The second arm is provided to support a mercury thermometer for temperature
measurement during the treatment of cell suspension with alternating current.
||Fundamental components of the low-voltage alternating current
|| A glass of chamber for AC-exposure
The third arm serves as a passage to introduce and remove a sample.
The carbon rods were used as electrode in this work. They are made of commercial carbon, fine graphite and nontoxic type. They are purchased from Thai Carbon and Graphite Co., Ltd. Electrode specific resistance was 11 μΩ•m. Each carbon rod dimensions are 15 cm in length by 1 cm in diameter. Distance of the electrodes is about 12.5 cm. Recirculation cooling water through the treatment chamber will control the temperature of cell suspension in the gap formed by the two electrodes in the treatment chamber.
Vegetative cells in logarithmic phase were prepared. They were suspended in NB. Cells were harvested by centrifugation (8000 xg for 10 min) at 5°C, washed twice with 0.2 M phosphate buffer solution (pH 7.0) and resuspended in the same buffer solution. The initial cell concentrations used were approximately 106 CFU mL-1. A cell suspension of 23 mL was introduced to treatment chamber. It was exposed to varying intensities of AC 50 Hz in glass chamber with two carbon electrodes. Alternating current densities were used at 0, 50, 100, 200 and 300 mA cm-2, respectively. The temperature of cell suspension was maintained at 29±3°C during AC-exposure by cooling system. For untreated (0 mA cm-2) cell suspension, it must be kept under the same condition as treated cell suspension. Thus it was introduced in the same glass chamber and placed in the water bath (Eyela, Model SB-24) at temperature 29±1°C. Treated and untreated cells were AC-exposed in parallel. At the start of the exposure and at 1, 3, 5 and 7 h thereafter, 0.2 mL of cell suspension was taken out from the chamber to determined viable count instantaneously and one loop of cell suspension was smeared on slide for investigation spore forming. Viable counts of untreated cell were served as control. Additionally, cell suspension was measured the content of H2O2 every 1 h for 12 h by using peroxide test strips (Merckoquant®).
The results shown in this research were taken from the average of observation in duplicate experiments. Statistical analysis of the data from all experiments was performed using the software program Sigma Stat by SPSS Inc.
RESULTS AND DISCUSSIONS
Effect of low-voltage alternating current on survival of B. cereus: In this study, the bacteria B. cereus in exponential phase was exposed to AC of 0, 50, 100, 200 and 300 mA cm-2, respectively under aerobic condition. The temperature of cell suspension was held at 29±3°C.
||Survival curve of B. cereus exposed to AC under aerobic
Viable counts of untreated cell were served as control. Effect of electricity on surviving fraction and stimulation spore forming were elucidated.
Figure 3 shows the relationship between the surviving fractions of exposed B. cereus to AC of 0, 50, 100, 200 and 300 mA cm-2and exposure time under aerobic condition. Surviving fraction was ratio of viable count at that moment to initial viable count. It found that the viable counts of exposed cell by AC 200 and 300 mA cm-2 were undetectable numbers (<30 CFU mL-1) at 7 h. From Fig. 3, it showed that surviving fractions of unexposed cells decreased gradually and tends to be constant after longer treatment time. The survival curves of cells exposed to AC 50 and 100 mA cm-2 decreased gradually and nearly were constant with time. On the other hand, for AC exposure of 200 and 300 mA cm-2, surviving fractions curve appreciably varied with time and converged to zero with longer treatment time. Conclusively exposure to a certain current density of AC, the surviving fractions of cells decreased with increased exposure time. For longer AC exposure time, the surviving fractions of cells would definitely decrease. Therefore the decrease in surviving fractions was related to the quantity of electricity, that is, the product of current density and time. For stimulation spore forming by AC-exposure did not find under observation by microscope (1,500x).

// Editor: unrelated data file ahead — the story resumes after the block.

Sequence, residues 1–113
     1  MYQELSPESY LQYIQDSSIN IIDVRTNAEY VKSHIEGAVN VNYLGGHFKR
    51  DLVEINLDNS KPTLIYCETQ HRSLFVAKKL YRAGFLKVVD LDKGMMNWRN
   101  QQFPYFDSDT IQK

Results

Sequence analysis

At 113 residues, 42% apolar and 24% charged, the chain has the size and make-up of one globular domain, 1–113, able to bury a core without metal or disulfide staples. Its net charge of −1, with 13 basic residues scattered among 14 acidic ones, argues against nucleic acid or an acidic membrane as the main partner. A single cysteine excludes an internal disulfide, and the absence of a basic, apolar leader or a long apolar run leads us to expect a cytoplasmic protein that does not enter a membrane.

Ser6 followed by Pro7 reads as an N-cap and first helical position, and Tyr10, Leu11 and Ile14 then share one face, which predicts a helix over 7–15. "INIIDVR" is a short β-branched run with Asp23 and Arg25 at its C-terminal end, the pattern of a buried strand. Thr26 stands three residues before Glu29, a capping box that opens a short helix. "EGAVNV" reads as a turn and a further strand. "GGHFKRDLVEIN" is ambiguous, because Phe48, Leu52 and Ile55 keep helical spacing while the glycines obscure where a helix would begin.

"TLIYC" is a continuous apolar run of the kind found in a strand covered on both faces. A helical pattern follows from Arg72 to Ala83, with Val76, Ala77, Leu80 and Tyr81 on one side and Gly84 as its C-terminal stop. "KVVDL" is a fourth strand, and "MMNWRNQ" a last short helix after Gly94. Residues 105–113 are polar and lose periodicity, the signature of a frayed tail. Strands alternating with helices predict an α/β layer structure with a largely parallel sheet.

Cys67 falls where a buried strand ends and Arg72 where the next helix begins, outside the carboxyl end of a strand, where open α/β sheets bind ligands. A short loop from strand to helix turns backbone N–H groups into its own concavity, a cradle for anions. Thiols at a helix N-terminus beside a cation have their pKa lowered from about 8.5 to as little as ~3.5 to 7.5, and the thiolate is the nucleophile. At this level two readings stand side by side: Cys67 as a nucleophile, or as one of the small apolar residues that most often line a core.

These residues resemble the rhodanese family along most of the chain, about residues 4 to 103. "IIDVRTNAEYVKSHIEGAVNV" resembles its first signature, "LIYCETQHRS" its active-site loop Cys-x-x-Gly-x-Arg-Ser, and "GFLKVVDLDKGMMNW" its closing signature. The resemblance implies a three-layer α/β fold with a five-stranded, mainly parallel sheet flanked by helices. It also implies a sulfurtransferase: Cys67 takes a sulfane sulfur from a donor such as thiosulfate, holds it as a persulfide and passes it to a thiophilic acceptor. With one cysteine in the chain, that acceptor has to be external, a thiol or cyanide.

The results of this part point out that the suitable current density and exposure
time for efficient bactericidal by low-voltage AC at non-lethal temperature
was 300 mA cm-2 AC exposure for 1 h or 200 mA cm-2 AC
exposure for 3 h. As described earlier, surviving fractions of cells exposed
to AC decreased with increased exposure time at a definite current density or
decreased with increased current density at a definite exposure time. Therefore
the decrease in surviving fractions is assumed to relate to current density
and time. These results are similarly to results of Shimada
and Shimihara (1981) and Pareilleux and Sicard (1970).
They exposed AC to E. coli cells strain B and K-12, which suspended in
phosphate buffer solution (pH 7.0).
||Relationship between AC-exposure time and H2O2
Escherichia coli is Gram-negative
bacteria. Carbon electrodes were used. Surviving fraction of both strains exposed to
AC decreased with increased exposure time at a definite current density. Also,
the surviving fraction decreased with increased current density at a definite
exposure time. Although, their characteristic of survival curve is the same
as the present experiment, the decreasing rate was different. The comparison
suggests that exposure of AC on microorganism definitely has lethal affects
however the microbial surviving fraction or decreasing rate of survival curve
depends upon the types of microorganism. These inferred that, among bacteria,
those that are gram-positive are more resistant than those that are Gram-negative.